I think Halloween films are the best.....1 , II & 4 are my favs.
I wish they would've made Krueger more like he was in parts 1 & 2.......Fridays I and II are also good.
Fist of Univorn 2/6 , Unicorn just wasn't star material.....Bruce Lee threatened lawsuit when he found out they'd filmed him candidly during choreography.
Psycho 5/6 , awesome
Out of Africa 4/6 , didn't see the ending but twas all right.
Plunder of the Sun 3/6 , some kinda 50s Indy Jones adventure albeit not nearly as exciting , meh.
Rare exports 4/6 , Finnish black comedy about Santa (who happens to be evil)
Icarus 3/6 , Dolph plays ex-KGB man and they threaten his family......typical Dolph fare but nice to kill time with.
Nell 4/6 , about a woman who's been isolated from the outside world , late Natasha Richardson as the shrink.
Daredevil 4/6 , passable but nothing more
Snakes on a Plane 4/6 , with a title like that you know it's not gonna be deadly serious
Skyhawk 4/6 , classic GH fu
Challenge of Tiger 3/6
Bruce Le (the imitator) and a white guy fights baddies who possess sterility drug (cough Moonraker cough) , one of the evil scientist guys looks like Lennon and this movie came out '80 , spooky. Ninja Strikes Back is more fun though imo. I wish Bolo could've gotten bigger part , he's underused here :/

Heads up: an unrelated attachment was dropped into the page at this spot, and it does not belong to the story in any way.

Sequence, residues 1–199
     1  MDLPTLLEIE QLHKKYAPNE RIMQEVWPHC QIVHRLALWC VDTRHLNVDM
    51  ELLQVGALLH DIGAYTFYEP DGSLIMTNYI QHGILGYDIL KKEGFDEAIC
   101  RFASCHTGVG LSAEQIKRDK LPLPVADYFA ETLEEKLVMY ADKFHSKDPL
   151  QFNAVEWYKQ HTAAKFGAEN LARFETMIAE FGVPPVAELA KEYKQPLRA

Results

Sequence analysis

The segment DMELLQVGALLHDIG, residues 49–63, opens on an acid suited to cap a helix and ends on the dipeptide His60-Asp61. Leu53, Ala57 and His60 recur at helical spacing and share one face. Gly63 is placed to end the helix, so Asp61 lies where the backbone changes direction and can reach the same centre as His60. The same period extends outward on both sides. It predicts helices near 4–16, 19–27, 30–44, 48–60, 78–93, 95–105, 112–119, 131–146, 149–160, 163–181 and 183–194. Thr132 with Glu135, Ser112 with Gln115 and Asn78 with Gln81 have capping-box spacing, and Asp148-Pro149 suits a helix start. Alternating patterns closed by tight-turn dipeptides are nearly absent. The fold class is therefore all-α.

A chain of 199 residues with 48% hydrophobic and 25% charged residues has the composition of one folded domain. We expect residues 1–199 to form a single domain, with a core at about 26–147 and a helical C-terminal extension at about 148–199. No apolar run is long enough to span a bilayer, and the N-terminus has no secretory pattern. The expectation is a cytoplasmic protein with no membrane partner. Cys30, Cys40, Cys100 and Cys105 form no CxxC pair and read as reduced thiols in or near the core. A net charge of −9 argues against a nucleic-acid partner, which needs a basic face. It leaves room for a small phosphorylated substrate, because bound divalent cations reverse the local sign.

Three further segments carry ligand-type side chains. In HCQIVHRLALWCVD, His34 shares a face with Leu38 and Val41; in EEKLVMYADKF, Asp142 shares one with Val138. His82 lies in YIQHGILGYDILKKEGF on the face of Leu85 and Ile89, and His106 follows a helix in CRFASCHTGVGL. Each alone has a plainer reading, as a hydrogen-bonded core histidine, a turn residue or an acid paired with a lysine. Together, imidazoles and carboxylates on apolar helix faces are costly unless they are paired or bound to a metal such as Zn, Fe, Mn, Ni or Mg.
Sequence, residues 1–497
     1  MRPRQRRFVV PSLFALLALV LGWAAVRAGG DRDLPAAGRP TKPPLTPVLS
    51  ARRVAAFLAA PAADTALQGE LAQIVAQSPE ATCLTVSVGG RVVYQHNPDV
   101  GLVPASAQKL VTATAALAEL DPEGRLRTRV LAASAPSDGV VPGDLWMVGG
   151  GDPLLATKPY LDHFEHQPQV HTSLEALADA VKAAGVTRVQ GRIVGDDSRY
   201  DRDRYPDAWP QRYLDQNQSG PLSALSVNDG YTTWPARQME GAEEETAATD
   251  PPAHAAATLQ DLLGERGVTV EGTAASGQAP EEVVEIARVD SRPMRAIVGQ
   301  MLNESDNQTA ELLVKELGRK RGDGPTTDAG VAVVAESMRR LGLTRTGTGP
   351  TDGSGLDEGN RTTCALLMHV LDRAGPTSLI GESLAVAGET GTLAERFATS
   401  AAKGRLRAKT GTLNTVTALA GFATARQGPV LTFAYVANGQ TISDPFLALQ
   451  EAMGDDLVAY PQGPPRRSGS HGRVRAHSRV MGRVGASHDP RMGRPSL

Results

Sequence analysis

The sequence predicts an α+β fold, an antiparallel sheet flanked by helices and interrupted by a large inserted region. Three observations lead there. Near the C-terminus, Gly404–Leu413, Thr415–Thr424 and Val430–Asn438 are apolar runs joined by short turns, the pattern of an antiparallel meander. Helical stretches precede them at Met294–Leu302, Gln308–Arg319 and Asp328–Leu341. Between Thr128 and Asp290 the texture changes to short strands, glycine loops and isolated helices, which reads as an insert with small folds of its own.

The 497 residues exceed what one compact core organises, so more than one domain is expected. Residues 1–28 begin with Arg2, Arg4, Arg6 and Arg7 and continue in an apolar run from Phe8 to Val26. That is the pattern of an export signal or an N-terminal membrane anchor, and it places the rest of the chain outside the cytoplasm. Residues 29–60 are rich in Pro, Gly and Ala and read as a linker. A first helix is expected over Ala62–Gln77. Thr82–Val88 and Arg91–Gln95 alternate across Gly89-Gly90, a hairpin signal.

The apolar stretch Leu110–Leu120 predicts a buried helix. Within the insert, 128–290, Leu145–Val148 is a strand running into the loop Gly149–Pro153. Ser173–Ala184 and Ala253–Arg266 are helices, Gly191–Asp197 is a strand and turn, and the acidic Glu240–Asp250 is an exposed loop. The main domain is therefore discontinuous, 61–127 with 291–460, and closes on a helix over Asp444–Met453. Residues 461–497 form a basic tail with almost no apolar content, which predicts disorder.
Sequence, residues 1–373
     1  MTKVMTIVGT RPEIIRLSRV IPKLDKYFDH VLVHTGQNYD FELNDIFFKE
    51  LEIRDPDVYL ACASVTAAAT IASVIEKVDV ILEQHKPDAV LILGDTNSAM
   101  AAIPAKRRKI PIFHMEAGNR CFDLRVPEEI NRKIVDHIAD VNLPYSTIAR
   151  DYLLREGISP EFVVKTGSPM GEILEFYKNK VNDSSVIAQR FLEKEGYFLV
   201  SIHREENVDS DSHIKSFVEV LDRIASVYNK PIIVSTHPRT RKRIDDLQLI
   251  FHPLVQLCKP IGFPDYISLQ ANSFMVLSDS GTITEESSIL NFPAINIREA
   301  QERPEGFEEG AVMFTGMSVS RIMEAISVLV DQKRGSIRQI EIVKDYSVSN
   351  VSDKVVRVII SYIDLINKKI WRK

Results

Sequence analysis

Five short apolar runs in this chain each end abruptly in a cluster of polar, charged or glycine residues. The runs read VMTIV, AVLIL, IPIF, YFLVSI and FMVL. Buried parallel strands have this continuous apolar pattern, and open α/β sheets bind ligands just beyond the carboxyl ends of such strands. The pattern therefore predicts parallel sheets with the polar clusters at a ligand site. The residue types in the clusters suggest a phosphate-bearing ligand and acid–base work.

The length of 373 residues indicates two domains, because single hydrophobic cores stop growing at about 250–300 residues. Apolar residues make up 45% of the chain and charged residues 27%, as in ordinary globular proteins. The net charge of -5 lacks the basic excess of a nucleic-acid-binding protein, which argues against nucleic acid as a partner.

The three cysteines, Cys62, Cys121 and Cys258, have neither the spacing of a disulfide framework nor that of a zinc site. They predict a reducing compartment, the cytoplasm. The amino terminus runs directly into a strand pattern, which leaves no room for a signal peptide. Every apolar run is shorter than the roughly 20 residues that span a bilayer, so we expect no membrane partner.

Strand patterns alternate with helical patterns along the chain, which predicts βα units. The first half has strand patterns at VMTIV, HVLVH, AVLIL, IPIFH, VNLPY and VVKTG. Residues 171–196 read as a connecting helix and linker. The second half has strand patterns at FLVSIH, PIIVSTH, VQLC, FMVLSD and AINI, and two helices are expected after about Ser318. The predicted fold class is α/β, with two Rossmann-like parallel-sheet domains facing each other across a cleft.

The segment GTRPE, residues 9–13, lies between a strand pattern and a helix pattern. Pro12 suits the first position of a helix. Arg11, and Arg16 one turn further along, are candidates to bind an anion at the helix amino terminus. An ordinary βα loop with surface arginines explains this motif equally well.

Bolo : "Im gonna need a bigger bo.....uh I mean a bigger part in the script !"
Invincible Eight 4/6 , classic GH sword movie......Han "Big Boss" Ying Chieh has killed the parents of the 8 heroes and natch they want his head.
Amsterdam Connection 4/6 , 2 rival gangs fight over the drug biz in Europe and 2 of them also fight over the same woman. It's a must see for Bolo-fans and fea old skool Ams (old yellow trams) and Paris as locations.
Thu Jan 17, 2013 2:30 am
I'm planning on making a Deer Hunter display piece :
-de Niro sgd resume (set me back 300 but well worth it , I think it's from ' 71.....de Niro has not sgd thru mail since '82 and his sig is very sought after and heavily forged)
-Walken letter (these are not plenty either , mine's from ' 75)
-Savage sgd contract (from ' 71)
-Cazale sig (since he died so young it fetches around 800-1k)
Only missing Streep now of the main cast
Thu Jan 17, 2013 9:22 am
I went to see gangster squad the other day at the cinema,great movie true story set in the late 40s LA.
Fri Jan 18, 2013 11:15 pm
Just watched "Frankenweenie" on wednesday, I think it was o.k.
Next will be tonight the "Maniac"-Remake from Alexandre Aja starring Elijah Wood.
Sat Jan 19, 2013 8:46 pm
Just returned from the cinema having seen Django Unchained. I have to say this is a fantastic return to form for Tarantino. The movie is a visual spectacular with Tarantino at his best. It wasn't at all what I was expecting but in a positive way. Jamie Fox and Leonardo DiCaprio are beyond superb. If you have a few hours to spare you could do a lot worse than see this movie.